Keeping the dance going

KEEPING THE DANCE GOING…. Digby had a nice summary of the annoying, ongoing “controversy” surrounding Speaker Pelosi: “Uhm, everyone recognizes that this Pelosi flap is a manufactured hissy fit, right? The point is to make the whole discussion of torture politically radioactive for Democrats in the same way that questioning the surge became radioactive after Betrayus. It’s a classic political kabuki designed to twist the Democrats into pretzels.”

That’s clearly true, and just as importantly, Republicans have figured out how to keep the hysteria going, with new attacks every day, which immediately get amplified by reporters enjoying the “story” about Pelosi questioning the veracity of the CIA.

Today, Rep. Peter King (R-N.Y.), for example, said the Speaker has committed “a terrible slander against the leading intelligence service in the U.S at a time when we’re fighting two wars,” which in turn “makes it impossible for her to function.” Newt Gingrich said Pelosi has shown “contempt for the men and women who protect our nation,” and added that the Speaker’s comments have increased the risk of a terrorist attack against the United States. (He seemed to be serious.)

Michael Gerson is on message, as is Rudy Giuliani. Sen. Kit Bond (R-Mo.) said today that Pelosi has launched a “massive attack on our intelligence community,” and added that it’s “outrageous” for the Speaker to “call our terror-fighters liars.”

Now, I can’t read their minds, obviously, but I suspect most of these hacks realize what they’re saying is ridiculous, but have received instructions from the party and are doing their duty to attack the Speaker, whether it makes sense or not.

One of these days, though, it might occur to them, and the reporters keeping the story alive, that questions from lawmakers about the intelligence agencies’ honesty aren’t terribly unusual — and plenty of Republicans have made remarks similar to Pelosi.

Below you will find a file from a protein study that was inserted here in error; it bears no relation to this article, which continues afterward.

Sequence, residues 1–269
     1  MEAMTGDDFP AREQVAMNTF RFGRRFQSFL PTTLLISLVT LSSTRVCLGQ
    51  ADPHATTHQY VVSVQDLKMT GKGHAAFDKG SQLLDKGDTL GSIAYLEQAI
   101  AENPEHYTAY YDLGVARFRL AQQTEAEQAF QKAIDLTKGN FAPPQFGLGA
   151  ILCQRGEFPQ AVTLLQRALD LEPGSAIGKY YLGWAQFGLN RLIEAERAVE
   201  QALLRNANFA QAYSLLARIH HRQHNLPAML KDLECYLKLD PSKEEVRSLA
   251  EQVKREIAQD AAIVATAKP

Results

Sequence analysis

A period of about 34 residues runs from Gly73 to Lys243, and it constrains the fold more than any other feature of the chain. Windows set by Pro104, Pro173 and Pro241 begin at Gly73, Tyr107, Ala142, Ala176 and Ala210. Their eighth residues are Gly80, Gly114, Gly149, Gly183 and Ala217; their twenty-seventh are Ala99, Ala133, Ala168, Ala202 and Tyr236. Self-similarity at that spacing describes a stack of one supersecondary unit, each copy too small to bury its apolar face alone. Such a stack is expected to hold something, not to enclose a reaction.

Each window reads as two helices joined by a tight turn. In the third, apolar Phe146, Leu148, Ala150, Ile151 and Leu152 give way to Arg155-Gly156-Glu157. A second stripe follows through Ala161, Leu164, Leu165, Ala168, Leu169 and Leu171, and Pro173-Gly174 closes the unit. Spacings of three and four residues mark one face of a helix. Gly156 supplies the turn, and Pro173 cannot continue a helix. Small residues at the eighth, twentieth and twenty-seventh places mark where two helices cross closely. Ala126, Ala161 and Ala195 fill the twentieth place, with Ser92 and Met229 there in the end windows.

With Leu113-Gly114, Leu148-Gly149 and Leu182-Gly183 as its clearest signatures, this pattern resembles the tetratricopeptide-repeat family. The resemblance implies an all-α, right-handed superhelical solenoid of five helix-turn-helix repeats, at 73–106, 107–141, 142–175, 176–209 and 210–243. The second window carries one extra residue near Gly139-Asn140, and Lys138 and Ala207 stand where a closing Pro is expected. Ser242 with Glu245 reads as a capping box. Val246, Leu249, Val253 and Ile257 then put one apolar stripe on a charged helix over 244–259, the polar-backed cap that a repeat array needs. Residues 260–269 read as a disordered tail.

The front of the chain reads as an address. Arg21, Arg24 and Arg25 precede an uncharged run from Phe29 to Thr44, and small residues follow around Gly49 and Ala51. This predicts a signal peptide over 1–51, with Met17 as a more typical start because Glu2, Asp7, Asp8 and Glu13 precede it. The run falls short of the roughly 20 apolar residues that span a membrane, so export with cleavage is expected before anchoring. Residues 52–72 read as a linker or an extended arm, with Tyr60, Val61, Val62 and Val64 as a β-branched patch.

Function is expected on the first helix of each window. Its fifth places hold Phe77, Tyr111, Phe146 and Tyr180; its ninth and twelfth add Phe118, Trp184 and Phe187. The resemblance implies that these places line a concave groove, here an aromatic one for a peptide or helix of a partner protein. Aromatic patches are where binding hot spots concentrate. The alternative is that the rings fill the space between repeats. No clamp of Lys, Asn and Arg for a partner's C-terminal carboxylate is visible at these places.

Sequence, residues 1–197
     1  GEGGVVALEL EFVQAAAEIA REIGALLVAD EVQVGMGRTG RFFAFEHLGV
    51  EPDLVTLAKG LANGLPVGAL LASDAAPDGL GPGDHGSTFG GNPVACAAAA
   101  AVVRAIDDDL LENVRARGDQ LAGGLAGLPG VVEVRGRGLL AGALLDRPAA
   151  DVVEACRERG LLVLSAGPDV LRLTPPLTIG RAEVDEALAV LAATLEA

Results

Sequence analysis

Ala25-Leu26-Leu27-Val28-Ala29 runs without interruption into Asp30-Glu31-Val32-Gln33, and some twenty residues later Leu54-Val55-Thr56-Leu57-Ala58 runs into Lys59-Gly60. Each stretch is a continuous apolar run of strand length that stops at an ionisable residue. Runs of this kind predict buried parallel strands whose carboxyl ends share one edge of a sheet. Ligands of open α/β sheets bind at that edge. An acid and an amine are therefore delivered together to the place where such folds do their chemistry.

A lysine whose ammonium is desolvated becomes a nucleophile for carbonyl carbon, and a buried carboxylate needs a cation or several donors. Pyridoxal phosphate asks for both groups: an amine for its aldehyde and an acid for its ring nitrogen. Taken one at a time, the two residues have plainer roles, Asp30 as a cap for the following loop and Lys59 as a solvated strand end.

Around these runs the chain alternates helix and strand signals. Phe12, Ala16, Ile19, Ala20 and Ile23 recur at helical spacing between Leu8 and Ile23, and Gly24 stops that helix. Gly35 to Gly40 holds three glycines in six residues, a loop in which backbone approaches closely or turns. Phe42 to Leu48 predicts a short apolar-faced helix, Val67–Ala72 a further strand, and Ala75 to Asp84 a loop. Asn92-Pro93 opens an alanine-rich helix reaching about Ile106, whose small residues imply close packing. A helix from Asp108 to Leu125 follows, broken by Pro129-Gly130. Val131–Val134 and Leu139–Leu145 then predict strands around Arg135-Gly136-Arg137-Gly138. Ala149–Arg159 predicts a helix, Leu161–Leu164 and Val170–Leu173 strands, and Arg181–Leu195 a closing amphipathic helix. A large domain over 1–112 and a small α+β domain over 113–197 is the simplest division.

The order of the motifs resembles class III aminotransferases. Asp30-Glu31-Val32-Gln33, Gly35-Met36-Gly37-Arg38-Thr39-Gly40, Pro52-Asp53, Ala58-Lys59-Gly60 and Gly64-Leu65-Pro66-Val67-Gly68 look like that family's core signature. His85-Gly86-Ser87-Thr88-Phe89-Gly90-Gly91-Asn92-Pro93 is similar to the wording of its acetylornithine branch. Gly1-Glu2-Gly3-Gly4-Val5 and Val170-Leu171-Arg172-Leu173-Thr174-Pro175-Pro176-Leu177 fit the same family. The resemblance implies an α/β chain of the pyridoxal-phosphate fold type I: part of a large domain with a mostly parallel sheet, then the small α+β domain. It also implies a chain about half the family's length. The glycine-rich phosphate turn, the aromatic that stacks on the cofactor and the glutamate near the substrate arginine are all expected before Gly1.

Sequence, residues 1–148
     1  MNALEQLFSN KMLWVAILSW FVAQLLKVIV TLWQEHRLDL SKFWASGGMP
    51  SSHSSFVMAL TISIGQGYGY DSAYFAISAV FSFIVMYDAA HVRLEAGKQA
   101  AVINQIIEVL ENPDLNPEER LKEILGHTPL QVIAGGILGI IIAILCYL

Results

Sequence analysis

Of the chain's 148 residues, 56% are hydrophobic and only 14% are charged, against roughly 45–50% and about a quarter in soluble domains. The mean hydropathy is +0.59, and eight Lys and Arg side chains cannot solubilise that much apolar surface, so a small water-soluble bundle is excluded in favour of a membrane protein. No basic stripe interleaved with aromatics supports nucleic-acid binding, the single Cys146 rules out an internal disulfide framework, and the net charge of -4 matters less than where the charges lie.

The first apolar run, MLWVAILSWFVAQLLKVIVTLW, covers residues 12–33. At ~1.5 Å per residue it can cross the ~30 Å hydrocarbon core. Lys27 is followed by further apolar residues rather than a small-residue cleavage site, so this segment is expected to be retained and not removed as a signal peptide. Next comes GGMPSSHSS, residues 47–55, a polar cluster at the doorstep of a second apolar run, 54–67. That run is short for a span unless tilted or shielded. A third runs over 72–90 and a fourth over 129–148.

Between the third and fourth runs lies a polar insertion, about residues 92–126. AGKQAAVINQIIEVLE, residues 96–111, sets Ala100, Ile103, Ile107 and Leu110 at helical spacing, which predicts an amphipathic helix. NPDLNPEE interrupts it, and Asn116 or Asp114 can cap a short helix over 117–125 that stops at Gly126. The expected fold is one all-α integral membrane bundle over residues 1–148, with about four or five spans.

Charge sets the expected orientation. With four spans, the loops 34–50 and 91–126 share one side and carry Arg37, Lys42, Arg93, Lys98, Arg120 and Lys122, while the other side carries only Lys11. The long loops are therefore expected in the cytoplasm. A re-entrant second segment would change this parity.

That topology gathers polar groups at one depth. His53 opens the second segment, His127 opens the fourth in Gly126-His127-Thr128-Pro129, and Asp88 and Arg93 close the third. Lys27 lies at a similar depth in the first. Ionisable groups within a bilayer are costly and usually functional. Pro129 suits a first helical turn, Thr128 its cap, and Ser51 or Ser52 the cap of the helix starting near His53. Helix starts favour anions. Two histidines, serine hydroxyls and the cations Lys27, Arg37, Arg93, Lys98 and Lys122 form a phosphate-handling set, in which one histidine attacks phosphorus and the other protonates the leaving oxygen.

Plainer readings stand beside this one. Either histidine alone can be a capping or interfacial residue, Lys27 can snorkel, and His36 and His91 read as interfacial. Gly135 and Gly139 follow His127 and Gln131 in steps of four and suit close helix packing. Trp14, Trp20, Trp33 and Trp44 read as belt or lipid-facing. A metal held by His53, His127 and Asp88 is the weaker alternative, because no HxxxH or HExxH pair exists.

Steve M., for example, notes that in 2003, David Frum and Richard Perle wrote a book that argued:

… because the CIA, like all intelligence organizations, deals in lies, it all too easily crosses the line between lying abroad to protect the nation and lying at home to protect itself.

But this extends to the Hill, too. Rep. Peter Hoekstra, the leading Republican on the House Intelligence Committee, has not only accused the CIA of “lying,” he’s even initiated a congressional investigation into allegations that the CIA misled Congress about a 2001 incident in Peru.

Zachary Roth brought it all together this afternoon.

We really shouldn’t have to do this. As we’ve said before, the idea that it’s some kind of outlandish and unconscionable slur to point out that the CIA — the CIA, for chrissakes! — can sometimes be economical with the truth is absurd on its face. But the Republican attacks on Nancy Pelosi for daring to make that claim just keep coming, so it looks like we’re going to have to point this out:

Shocking as it sounds, the GOP hasn’t always been so sensitive about harsh criticism of the CIA — including leveling the charge that the CIA is being deliberately deceptive — when it’s served the party’s political interest.

Based on the palaver we’ve been hearing from Republicans lately, leaders of their own party have spent recent years “slandering” intelligence officials, showing “contempt” for the CIA, “attacking” the intelligence community, and increasing the risk of a domestic terrorist attack.

I know the GOP has perfected the art of manufactured hissy fits, but this one is unusually foolish.